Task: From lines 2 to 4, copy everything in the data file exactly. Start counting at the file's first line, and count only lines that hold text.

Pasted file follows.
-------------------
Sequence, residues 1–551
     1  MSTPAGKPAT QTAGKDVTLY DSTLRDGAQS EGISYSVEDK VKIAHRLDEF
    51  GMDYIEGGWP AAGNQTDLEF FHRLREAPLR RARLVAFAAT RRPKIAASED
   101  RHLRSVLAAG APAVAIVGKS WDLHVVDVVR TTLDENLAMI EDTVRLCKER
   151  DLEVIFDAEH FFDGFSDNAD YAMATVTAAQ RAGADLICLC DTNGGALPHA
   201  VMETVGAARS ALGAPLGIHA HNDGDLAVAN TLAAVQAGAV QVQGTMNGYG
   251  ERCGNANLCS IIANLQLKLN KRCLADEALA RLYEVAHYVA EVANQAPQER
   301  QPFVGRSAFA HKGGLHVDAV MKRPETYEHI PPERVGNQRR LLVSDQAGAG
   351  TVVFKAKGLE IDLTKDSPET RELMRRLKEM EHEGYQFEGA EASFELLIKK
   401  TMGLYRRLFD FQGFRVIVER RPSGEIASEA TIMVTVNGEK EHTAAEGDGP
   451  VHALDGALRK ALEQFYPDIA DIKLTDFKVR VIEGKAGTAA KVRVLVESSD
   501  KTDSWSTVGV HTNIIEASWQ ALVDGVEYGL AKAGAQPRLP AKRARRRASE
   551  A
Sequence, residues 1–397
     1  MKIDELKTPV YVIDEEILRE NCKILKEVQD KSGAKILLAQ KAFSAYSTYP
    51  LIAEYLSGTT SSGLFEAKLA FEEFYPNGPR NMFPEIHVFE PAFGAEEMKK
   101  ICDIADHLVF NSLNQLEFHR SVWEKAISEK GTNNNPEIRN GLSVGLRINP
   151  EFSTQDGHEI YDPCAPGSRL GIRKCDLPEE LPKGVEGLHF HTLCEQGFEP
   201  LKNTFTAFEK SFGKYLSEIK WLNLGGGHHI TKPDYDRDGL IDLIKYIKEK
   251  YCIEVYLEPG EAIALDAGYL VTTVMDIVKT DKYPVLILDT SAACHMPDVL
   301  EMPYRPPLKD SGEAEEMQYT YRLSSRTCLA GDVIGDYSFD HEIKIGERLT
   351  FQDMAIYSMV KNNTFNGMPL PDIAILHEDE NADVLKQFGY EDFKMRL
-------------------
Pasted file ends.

     1  MSTPAGKPAT QTAGKDVTLY DSTLRDGAQS EGISYSVEDK VKIAHRLDEF
    51  GMDYIEGGWP AAGNQTDLEF FHRLREAPLR RARLVAFAAT RRPKIAASED
   101  RHLRSVLAAG APAVAIVGKS WDLHVVDVVR TTLDENLAMI EDTVRLCKER